FIG. 13 is an electrical schematic of a regulator schematically shown in FIG. 12.

FIG. 14 is an electrical schematic of a bridge circuit schematically shown in FIG. 12.

FIG. 15 is an electrical schematic of a first driver circuit schematically shown in FIG. 12.

FIG. 16 is an electrical schematic of a second driver circuit schematically shown in FIG. 12.

FIG. 17 is an electrical schematic of a current limit circuit schematically shown in FIG. 12.

FIG. 18 is an electrical schematic of a microprocessor, a voltage feedback circuit, a thermal shutdown circuit, and a voltage regulator schematically shown in FIG. 12.

FIG. 19 is a flow chart of a software program.

FIGS. 20(a) and 20(b) are flowcharts of an interrupt service step shown in FIG. 19.

FIG. 21 is a first electrical schematic of a generator having a three-phase winding arrangement.

FIG. 22 is a second electrical schematic of a generator having a three-phase winding arrangement.

FIG. 23 is a third electrical schematic of a generator having a three-phase winding arrangement.

FIG. 24 is a fourth electrical schematic of a generator having a three-phase winding arrangement.

FIG. 25 is a fifth electrical schematic of a generator having a three-phase winding arrangement.

Before any embodiments of the invention are explained in full detail, it is to be understood that the invention is not limited in its application to the details of construction and the arrangement of components set forth in the following description or illustrated in the following drawings. The invention is capable of other embodiments and of being practiced or of being carried out in various ways. Also, it is to be understood that the phraseology and terminology used herein is for the purpose of description and should not be regarded as limiting. The use of “having,” “including” and “comprising” and variations thereof herein is meant to encompass the items listed thereafter and equivalents thereof as well as additional items.

DETAILED DESCRIPTION OF THE PREFERRED EMBODIMENT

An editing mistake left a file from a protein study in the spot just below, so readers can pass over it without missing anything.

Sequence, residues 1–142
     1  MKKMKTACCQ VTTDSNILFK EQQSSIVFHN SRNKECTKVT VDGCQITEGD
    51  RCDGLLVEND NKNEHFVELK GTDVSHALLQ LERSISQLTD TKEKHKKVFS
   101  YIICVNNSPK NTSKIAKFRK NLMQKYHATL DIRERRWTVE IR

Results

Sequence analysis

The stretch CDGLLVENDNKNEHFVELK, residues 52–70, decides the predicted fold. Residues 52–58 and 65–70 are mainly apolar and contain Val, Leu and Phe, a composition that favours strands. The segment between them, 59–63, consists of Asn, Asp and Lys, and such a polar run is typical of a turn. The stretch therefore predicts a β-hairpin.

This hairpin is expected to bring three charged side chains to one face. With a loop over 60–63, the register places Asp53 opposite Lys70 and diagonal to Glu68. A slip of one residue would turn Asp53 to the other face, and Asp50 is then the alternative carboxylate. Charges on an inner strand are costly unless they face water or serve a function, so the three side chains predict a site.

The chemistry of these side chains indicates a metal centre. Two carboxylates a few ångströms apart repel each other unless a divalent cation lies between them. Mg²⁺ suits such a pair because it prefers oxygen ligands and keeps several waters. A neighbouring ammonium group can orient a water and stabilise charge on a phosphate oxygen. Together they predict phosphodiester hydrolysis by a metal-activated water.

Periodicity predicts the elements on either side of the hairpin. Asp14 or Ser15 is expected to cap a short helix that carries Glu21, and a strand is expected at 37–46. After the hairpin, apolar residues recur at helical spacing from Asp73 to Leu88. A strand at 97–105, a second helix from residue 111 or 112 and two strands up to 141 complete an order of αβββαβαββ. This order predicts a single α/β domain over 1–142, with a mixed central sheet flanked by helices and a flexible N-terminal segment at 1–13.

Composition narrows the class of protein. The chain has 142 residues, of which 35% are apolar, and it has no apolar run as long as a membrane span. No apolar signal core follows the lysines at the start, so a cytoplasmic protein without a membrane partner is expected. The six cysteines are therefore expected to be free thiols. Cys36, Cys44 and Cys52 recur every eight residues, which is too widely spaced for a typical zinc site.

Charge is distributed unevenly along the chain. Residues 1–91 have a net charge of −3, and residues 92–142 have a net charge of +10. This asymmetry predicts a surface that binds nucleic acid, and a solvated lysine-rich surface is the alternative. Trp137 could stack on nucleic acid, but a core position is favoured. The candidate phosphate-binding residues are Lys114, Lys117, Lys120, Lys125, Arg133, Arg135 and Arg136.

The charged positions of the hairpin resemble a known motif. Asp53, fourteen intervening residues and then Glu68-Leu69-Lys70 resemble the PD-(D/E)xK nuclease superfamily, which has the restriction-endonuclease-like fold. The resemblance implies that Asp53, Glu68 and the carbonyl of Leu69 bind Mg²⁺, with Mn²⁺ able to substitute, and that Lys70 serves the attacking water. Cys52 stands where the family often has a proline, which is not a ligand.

A vehicle 100 embodying the invention is schematically shown in FIG. 1. The vehicle 100 includes a plurality of wheels 105 and an internal combustion engine 110 (hereinafter referred to as “engine”) interconnected to drive at least one of the wheels 105. That is, the engine 110 (also shown in FIG. 2) produces mechanical power causing a shaft 115 to rotate. One or more wheels 105 are interconnected with the rotating shaft 115 causing the interconnected wheels 105 to rotate. For the embodiment described herein, the vehicle 100 is a riding lawnmower with a Briggs & Stratton, Inc. INTEK™ or QUANTUM™ engine. However, the vehicle 100 may be any vehicle including an engine (e.g., a tractor, a lawnmower, an ATV, a golf cart, a motorcycle, etc.)

The vehicle 100 further includes an alternator or generator 120 interconnected with the engine 110. In general, the generator 120 includes a flywheel-rotor apparatus 125 (FIG. 2), a stator (e.g., stator 130, FIG. 2), power circuitry 135 (FIG. 1) and an electrical outlet 140 (FIG. 1). As best shown in FIG. 2 and shown in partial perspective view FIG. 3, the engine includes a housing 145, and the stator (e.g., stator 130) is interconnected (e.g., mounted) to the housing 145 by one or more fasteners (discussed below). Multiple embodiments of the stator 130 are shown in FIGS. 3-8. As will become apparent below, other stators are possible.

With reference to FIGS. 3, 4 and 5, the stator 130 includes a magnetically permeable stator core 150, which is of generally cylindrical shape. The core 150 is preferably formed by a plurality of stacked laminations 155 (best shown in FIG. 3) mechanically interconnected together by one or more fasteners 160. Alternatively, in other embodiments, the core 150 is a solid core formed by one magnetically permeable member, or is magnetic powdered material compressed to form the core 150. The one or more fasteners 160 may include rivets, bolts, latches, etc., or even an epoxy or glue. In the embodiment shown, the core 150 includes a first plurality of laminations 165 (best shown in FIGS. 3 and 5) and a second plurality of laminations 170 (best shown in FIGS. 3 and 5) fastened by four rivets 160 (best shown in FIG. 3).

The stator 130 includes a central opening 175 having a longitudinal axis 180 (best shown in FIGS. 4 and 5). The stator 130 is mounted on the engine housing 145 such that the central opening 175 receives at least a portion of the shaft 115. The stator 130 is secured to the housing 145 by one or more fasteners (e.g., rivet, bolt, latch, epoxy, glue, etc.) 185.